By FRANK LEWIS
PDT Staff Writer
The proposed expansion of the Port of Greater Cincinnati Development Authority could have a positive effect on the future of inter-modal expansion in the Portsmouth area.
The imminent expansion of the Panama Canal could have a far-ranging effect, and could stretch all the way to Portsmouth if the Cincinnati Port Authority has its way.
According to a story in the Business Courier, the Authority is seeking federal approval for an expansion that would make it the lead agency for Ohio River commerce in a 200-mile stretch from Madison, Ind., to Portsmouth.
“We’re seeking to expand the mileage that we currently have here in Ohio and the Ohio River,” Marjorie Karimi of the Cincinnati port authority told the Portsmouth Daily Times. “Currently it is about 20-22 miles, and we’re seeking to expand that.”
According to an article in cincinnatimagazine.com, within three years, the current capacity of the Panama Canal will double, thanks to construction now underway. Ships that have, in the past, been forced to unload on the West Coast because their cargoes were too large to inch through the isthmus will have options. They will be able to steam right into the Gulf of Mexico and up the East Coast.
The expansion could make Cincinnati one of the nation’s busiest inland ports, boosting its marketing clout and improving chances for the development of potentially important river-to-rail shipping facilities.
“That would definitely be one of the reasons behind that (expansion request),” Karimi said.
Melissa Johnson, director of transportation and logistics for the Cincinnati port authority, said there are still many questions to be answered concerning the expansion of the Panama Canal.
“We have also been considering the expansion of the Panama Canal on the Port of Cincinnati, and I think a lot of other communities throughout the nation are doing the same,” Johnson said. “There are arguments probably on both sides of the fence as to the impact of the Panama Canal either being substantial or not being as substantial as some people might think. We’re doing an evaluation of different opinions, or predictions, or studies ourselves, to try to make the best determination for us, as to where we think that impact may really stand.”
Scioto County developer Don Hadsell said he has purchased property adjacent to and east of the McGovney dock, which he also owns, with plans to see it become part of the inter-modal system that would serve the river, rail and highway system. But he says he is waiting for all the information on the expansion before he forms an opinion as to whether the expansion would be beneficial to the area and his businesses.
“It’s not going to do away with the local port authority,” said Steve Wells, Scioto County Economic Development Office supervisor. “But certainly it can be an advantage with the leverage of resources with somebody like Cincinnati. And the (expansion of) the Canal is going to make an awful lot more traffic on this river.”
Wells said Scioto County has considered at different times the concept of creating a “free trade” or “foreign” trade zone.
“It’s the ability to do value-added things to products within a certain zone and not incur as much tax as you may otherwise,” Wells said. “That’s why Rickenbacker is up there. It’s an extremely expensive long and drawn out proposition, but if we could become our own free trade zone. But if we could hook on this whole area, with Cincinnati and Rickenbacker, that would be a tremendous asset. That is probably something we couldn’t do by ourselves because of the expense and the time.”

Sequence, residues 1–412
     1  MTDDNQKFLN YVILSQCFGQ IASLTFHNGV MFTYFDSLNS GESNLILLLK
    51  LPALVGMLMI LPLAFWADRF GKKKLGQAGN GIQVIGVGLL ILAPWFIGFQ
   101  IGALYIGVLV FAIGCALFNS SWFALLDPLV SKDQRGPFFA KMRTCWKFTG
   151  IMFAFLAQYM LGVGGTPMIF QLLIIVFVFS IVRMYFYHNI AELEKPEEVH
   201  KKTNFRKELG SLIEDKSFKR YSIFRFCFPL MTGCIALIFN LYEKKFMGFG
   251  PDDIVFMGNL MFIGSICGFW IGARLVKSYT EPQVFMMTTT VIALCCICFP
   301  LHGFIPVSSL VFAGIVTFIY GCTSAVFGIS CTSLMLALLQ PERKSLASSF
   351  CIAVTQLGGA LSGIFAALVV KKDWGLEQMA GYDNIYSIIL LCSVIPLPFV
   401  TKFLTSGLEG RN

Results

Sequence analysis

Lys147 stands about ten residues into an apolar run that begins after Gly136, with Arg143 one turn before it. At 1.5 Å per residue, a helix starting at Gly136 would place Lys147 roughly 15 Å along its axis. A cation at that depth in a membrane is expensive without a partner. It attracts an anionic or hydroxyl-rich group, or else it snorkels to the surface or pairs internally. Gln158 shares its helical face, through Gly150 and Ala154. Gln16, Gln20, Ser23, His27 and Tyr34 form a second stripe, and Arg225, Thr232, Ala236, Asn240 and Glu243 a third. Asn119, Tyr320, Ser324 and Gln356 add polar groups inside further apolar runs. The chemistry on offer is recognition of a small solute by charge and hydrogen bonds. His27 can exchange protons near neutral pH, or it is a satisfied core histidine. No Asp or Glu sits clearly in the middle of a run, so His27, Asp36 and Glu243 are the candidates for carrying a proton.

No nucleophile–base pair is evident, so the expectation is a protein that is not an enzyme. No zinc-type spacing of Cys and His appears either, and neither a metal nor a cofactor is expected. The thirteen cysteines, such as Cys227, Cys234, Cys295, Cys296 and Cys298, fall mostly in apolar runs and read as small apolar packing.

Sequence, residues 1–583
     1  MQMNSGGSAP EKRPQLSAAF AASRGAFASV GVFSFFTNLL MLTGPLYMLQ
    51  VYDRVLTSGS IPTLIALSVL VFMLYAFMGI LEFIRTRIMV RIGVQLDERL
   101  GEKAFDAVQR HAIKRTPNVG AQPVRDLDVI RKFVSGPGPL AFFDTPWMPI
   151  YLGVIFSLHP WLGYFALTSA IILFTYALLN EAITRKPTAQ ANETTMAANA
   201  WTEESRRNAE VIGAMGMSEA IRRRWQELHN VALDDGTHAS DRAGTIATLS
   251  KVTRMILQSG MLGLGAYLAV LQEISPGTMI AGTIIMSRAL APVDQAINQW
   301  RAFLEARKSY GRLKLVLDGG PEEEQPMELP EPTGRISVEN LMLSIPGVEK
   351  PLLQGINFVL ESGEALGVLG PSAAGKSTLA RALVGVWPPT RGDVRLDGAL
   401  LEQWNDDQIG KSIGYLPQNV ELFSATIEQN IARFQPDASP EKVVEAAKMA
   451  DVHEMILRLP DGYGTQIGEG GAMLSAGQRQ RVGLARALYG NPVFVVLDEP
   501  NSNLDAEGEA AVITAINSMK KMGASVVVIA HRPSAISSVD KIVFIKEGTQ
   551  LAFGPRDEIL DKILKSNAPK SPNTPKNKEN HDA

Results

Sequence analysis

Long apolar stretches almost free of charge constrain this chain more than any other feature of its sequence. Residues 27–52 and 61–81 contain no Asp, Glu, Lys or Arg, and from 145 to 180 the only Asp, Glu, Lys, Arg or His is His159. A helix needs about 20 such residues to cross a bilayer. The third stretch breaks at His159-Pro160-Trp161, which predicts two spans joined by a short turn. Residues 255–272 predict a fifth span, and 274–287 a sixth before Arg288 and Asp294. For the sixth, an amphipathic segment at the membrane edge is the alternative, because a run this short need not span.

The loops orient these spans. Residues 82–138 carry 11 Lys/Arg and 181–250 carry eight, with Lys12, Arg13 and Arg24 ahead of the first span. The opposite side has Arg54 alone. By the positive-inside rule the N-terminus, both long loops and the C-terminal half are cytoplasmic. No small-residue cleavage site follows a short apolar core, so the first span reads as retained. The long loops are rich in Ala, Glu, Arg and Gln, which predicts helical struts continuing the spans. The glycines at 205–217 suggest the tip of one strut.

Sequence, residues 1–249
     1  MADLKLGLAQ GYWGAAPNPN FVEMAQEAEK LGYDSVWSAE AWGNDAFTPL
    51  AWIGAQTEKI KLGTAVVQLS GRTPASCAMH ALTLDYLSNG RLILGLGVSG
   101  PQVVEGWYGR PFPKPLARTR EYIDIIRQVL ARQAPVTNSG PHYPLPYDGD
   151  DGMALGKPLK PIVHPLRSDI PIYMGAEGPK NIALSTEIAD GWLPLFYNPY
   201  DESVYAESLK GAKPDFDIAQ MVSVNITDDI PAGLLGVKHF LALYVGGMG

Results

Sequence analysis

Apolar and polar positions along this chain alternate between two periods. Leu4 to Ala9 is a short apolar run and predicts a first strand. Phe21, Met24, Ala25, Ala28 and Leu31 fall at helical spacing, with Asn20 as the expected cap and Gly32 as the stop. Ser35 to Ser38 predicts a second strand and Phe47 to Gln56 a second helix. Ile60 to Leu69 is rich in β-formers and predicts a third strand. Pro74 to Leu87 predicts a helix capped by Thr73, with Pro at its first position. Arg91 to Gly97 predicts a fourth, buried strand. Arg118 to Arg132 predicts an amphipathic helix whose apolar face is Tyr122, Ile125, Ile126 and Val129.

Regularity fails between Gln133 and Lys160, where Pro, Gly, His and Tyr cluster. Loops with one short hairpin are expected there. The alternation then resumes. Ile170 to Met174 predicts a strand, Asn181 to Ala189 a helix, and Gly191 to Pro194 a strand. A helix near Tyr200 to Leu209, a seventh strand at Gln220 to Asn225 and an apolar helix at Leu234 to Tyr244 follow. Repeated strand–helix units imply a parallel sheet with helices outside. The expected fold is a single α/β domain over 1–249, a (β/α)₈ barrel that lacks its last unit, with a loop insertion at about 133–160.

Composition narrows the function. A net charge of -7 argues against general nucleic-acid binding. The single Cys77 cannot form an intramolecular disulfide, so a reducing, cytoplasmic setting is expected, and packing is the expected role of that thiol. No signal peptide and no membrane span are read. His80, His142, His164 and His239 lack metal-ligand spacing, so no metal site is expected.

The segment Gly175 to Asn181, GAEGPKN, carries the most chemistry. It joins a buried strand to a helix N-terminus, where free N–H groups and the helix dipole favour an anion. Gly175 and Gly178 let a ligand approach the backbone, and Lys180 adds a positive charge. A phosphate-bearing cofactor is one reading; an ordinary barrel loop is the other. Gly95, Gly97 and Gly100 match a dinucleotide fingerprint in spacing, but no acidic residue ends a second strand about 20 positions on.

The former Rickenbacker Air Force Base on the south end of Columbus, decommissioned as an Air Force base in the 1980s, is a free trade zone, and now consists of warehousing with cargo planes flying in an out on a regular basis. They can bring product in for their customers without having to pay the tax.
Wells said Batelle Memorial Institute studied the Scioto County area in the 1980s, and encouraged local officials to pursue inter-modal development, which Wells said would fit within the framework of the proposed Cincinnati Port Authority expansion.
“I can’t say right off the bat that it is totally 100 percent bad or 100 percent good,” Wells said. “It’s certainly a thing that we’ve got to sit down with a lot of folks up and down the river and explore, but it could open up this whole corridor, because everybody’s going to want to be on the Ohio River; they already are.”
Wells said a lot of factors make this region a place that must be considered for shipping.
“The river and railroad and their double-stacking is why we are so attractive,” Wells said. “When we talked to all the people such as the New Steel people, and the coke plant, and all of that, sure, they would like to have an I-70 through here, but with the Industrial Parkway cutting through over there in Wurtland (Ky.), that helped to get to I-64.”
Johnson said it is too early in the process to know if expansion would encompass the Southern Ohio Port Authority, or end where its jurisdiction begins.
“I can’t say that I do know right now — only because we are in the process of evaluating this, and in that process there certainly is an evaluation by the Army Corps of Engineers — that whole consideration of what statistical boundaries really come to be,” Johnson said.
Johnson estimates the Army Corps of Engineers reports could be available in 18 months.
The Cincinnati Port Authority would then be able to inform the government as to the specifics of the boundaries and other information required.
Frank Lewis may be reached at 740-353-3101, ext. 232, or at email@example.com.